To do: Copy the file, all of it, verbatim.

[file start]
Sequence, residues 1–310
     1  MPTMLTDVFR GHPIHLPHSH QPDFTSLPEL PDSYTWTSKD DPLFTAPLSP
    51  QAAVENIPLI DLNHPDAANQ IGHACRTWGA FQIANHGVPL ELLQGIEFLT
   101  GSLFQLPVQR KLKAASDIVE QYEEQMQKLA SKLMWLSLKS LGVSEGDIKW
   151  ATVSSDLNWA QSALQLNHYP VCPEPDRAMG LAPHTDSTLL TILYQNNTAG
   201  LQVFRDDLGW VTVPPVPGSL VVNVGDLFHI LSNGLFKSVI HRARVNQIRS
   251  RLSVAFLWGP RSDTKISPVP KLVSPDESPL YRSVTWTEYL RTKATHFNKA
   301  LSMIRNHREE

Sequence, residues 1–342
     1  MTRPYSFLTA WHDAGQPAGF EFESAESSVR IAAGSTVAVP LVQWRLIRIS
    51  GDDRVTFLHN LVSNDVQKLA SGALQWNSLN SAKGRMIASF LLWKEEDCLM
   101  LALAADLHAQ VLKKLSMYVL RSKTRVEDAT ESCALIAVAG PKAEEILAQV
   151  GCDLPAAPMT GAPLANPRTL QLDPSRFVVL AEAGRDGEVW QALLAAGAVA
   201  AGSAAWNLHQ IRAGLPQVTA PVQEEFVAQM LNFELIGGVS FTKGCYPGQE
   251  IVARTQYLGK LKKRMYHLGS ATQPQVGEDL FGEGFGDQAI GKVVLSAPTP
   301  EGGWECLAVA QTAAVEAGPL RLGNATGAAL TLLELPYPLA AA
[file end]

Sequence, residues 1–310
     1  MPTMLTDVFR GHPIHLPHSH QPDFTSLPEL PDSYTWTSKD DPLFTAPLSP
    51  QAAVENIPLI DLNHPDAANQ IGHACRTWGA FQIANHGVPL ELLQGIEFLT
   101  GSLFQLPVQR KLKAASDIVE QYEEQMQKLA SKLMWLSLKS LGVSEGDIKW
   151  ATVSSDLNWA QSALQLNHYP VCPEPDRAMG LAPHTDSTLL TILYQNNTAG
   201  LQVFRDDLGW VTVPPVPGSL VVNVGDLFHI LSNGLFKSVI HRARVNQIRS
   251  RLSVAFLWGP RSDTKISPVP KLVSPDESPL YRSVTWTEYL RTKATHFNKA
   301  LSMIRNHREE

Sequence, residues 1–342
     1  MTRPYSFLTA WHDAGQPAGF EFESAESSVR IAAGSTVAVP LVQWRLIRIS
    51  GDDRVTFLHN LVSNDVQKLA SGALQWNSLN SAKGRMIASF LLWKEEDCLM
   101  LALAADLHAQ VLKKLSMYVL RSKTRVEDAT ESCALIAVAG PKAEEILAQV
   151  GCDLPAAPMT GAPLANPRTL QLDPSRFVVL AEAGRDGEVW QALLAAGAVA
   201  AGSAAWNLHQ IRAGLPQVTA PVQEEFVAQM LNFELIGGVS FTKGCYPGQE
   251  IVARTQYLGK LKKRMYHLGS ATQPQVGEDL FGEGFGDQAI GKVVLSAPTP
   301  EGGWECLAVA QTAAVEAGPL RLGNATGAAL TLLELPYPLA AA